Former UofL Football player Jamon Brown, who is currently a guard for the NFL’s Atlanta Falcons, has launched a GoFundMe page through his J. Brown Foundation that specifically provides financial support for those affected by the COVID-19 outbreak.
WAVE3 reported that the fund’s purpose is “to provide financial assistance to those that are uninsured, underinsured, or economically disadvantaged in our communities.”
The foundation’s GoFundMe page is raising money for those in need of additional medical care after the initial free testing.
“Unfortunately, there’s an extremely high percentage of individuals that are not seeking medical attention, simply because they do not have the necessary insurance,” the page reads. “Furthermore, we have already seen many instances, where those that have had a hospital stay after the initial free testing, were then sent a bill that was difficult for them to pay.”
This work is starting in Jefferson County, Brown’s hometown (he’s a product of Fern Creek High School), and will eventually expand.
The J. Brown Foundation will match the first $5,000 donated.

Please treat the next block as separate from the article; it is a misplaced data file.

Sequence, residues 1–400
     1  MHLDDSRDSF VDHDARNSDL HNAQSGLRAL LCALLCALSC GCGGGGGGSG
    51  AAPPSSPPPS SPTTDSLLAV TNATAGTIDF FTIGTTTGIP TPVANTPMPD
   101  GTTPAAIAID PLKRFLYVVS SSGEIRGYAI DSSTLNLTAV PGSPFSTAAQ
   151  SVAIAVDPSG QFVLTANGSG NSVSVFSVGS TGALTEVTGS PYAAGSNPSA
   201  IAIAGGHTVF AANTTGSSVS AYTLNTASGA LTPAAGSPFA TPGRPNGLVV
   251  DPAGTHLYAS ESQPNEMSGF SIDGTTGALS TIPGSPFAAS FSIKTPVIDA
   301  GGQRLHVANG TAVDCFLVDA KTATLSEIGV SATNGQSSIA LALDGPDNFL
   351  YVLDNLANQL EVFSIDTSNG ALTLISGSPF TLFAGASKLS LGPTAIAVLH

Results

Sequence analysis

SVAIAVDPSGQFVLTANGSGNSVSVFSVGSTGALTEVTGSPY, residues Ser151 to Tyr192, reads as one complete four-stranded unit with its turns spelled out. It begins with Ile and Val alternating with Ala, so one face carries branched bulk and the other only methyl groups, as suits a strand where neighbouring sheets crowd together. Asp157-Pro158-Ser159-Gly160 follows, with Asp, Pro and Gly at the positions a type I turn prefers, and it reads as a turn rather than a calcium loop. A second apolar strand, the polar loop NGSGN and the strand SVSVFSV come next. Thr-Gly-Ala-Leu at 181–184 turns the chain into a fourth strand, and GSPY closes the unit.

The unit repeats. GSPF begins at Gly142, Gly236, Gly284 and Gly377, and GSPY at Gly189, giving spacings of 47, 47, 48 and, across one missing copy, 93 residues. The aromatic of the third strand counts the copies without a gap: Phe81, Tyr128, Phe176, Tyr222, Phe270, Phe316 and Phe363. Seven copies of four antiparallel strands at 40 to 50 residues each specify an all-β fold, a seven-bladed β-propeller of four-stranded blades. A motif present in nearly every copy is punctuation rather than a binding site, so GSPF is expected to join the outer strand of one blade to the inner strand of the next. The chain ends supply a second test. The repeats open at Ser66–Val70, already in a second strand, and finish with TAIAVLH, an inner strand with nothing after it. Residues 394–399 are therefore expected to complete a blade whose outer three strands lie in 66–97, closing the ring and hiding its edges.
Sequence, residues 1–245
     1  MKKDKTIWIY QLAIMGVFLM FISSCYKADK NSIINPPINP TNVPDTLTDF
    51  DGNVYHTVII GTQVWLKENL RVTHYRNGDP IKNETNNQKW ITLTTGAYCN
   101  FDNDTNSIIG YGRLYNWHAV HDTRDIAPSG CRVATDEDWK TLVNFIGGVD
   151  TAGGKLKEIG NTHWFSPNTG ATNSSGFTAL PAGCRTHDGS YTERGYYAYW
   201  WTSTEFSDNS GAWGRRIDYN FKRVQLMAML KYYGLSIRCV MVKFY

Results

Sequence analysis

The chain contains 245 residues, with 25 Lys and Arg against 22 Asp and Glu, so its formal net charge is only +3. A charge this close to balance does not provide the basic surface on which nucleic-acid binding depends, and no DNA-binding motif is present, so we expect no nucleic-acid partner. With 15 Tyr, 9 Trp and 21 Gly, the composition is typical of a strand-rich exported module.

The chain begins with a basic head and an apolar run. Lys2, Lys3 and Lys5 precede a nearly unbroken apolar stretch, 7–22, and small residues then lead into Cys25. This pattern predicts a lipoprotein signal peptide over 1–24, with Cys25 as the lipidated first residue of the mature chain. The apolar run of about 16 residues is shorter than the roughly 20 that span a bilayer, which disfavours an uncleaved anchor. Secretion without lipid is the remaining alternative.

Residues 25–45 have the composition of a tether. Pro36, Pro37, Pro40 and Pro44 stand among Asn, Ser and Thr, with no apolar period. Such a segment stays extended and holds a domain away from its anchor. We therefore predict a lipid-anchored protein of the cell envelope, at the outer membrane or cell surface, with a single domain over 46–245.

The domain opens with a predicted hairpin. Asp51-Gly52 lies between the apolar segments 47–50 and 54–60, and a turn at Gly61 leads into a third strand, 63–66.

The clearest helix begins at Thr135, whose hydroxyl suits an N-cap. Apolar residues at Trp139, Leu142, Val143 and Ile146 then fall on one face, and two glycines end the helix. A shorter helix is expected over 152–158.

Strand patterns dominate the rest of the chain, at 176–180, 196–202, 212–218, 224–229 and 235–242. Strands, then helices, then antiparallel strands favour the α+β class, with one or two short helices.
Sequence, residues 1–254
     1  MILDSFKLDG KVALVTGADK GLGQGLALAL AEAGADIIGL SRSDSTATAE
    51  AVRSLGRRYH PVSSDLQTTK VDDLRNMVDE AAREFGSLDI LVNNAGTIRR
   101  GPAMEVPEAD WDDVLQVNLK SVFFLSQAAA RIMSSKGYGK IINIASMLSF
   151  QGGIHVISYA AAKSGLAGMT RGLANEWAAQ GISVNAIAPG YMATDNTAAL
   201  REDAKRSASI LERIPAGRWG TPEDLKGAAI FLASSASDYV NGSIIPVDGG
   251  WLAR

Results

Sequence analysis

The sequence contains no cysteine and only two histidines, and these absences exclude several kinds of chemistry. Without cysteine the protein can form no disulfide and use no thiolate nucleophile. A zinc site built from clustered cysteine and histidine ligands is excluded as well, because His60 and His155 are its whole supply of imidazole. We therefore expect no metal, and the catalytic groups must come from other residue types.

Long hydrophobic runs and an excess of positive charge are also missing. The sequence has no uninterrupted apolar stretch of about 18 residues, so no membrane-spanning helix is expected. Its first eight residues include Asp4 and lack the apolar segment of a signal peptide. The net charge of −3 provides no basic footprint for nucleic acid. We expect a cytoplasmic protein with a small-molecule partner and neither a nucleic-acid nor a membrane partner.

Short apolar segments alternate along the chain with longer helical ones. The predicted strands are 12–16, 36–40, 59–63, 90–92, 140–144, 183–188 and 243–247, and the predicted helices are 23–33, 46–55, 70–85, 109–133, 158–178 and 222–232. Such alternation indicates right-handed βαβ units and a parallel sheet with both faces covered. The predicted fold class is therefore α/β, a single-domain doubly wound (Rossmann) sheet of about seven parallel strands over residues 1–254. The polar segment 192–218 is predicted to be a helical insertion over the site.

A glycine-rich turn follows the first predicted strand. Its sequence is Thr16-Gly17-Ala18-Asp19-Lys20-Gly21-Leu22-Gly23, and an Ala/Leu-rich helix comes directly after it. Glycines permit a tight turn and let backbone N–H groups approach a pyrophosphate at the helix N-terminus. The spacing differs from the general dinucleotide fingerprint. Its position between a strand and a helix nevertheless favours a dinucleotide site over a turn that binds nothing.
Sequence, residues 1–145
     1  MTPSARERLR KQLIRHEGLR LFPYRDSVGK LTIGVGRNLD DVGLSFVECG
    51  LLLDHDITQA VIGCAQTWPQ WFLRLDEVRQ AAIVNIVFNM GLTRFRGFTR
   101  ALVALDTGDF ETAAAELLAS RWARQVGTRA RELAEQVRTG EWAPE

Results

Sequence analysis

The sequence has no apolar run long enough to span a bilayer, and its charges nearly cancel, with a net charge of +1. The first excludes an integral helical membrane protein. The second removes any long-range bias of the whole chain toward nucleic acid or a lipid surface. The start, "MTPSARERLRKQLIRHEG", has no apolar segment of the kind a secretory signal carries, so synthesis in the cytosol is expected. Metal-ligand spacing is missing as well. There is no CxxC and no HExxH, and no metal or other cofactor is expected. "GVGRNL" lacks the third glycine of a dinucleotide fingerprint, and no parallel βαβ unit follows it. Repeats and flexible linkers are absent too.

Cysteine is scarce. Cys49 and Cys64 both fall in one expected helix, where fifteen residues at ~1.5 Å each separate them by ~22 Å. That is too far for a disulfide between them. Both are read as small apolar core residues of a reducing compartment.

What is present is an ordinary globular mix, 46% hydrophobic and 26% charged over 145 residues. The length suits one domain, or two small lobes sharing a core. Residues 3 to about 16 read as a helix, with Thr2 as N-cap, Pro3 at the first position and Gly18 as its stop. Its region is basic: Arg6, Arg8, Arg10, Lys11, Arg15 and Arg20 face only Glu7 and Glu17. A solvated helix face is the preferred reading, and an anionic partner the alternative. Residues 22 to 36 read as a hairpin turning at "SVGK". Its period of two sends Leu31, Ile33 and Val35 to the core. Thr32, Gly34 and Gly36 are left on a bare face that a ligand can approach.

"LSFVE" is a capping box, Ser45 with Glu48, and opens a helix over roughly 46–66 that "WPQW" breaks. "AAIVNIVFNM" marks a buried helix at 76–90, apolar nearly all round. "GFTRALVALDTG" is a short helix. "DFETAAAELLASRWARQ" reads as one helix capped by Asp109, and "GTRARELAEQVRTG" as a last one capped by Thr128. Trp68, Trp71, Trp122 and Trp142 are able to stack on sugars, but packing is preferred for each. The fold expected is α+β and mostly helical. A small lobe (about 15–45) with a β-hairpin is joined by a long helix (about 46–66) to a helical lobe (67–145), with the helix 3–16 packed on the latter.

Brown, who not only played football for the Cardinals but also graduated from UofL in 2014 with a degree Justice Administration, is no stranger to philanthropy. Last year, for example, he visited Louisville’s West End School to talk to students about bullying.
In fact, Brown established the Jamon Brown Foundation to help those in need in Louisville. In 2018, the organization funded a 13-and-under West Louisville all-star baseball team’s trip to the Babe Ruth World Series, and has also helped feed families for Thanksgiving and facilitated a toy drive for Christmas.
Brown also hosts a free youth football camp with financial support from a golf fundraiser. His goal is to add more events, with a mission of “impacting the lives of those people who are struggling with violence, poverty and youth and young-adult homelessness.”
“We have that ability to help anyone of any color, of any age, of any gender,” he told the Courier Journal in 2019. “I take pride in being from Louisville, man. … So I kind of wanted to be a picture of, ‘Hey, when you make it out, take pride in the city that you’re from and be able to be a part of its growth and helping it move ahead.’”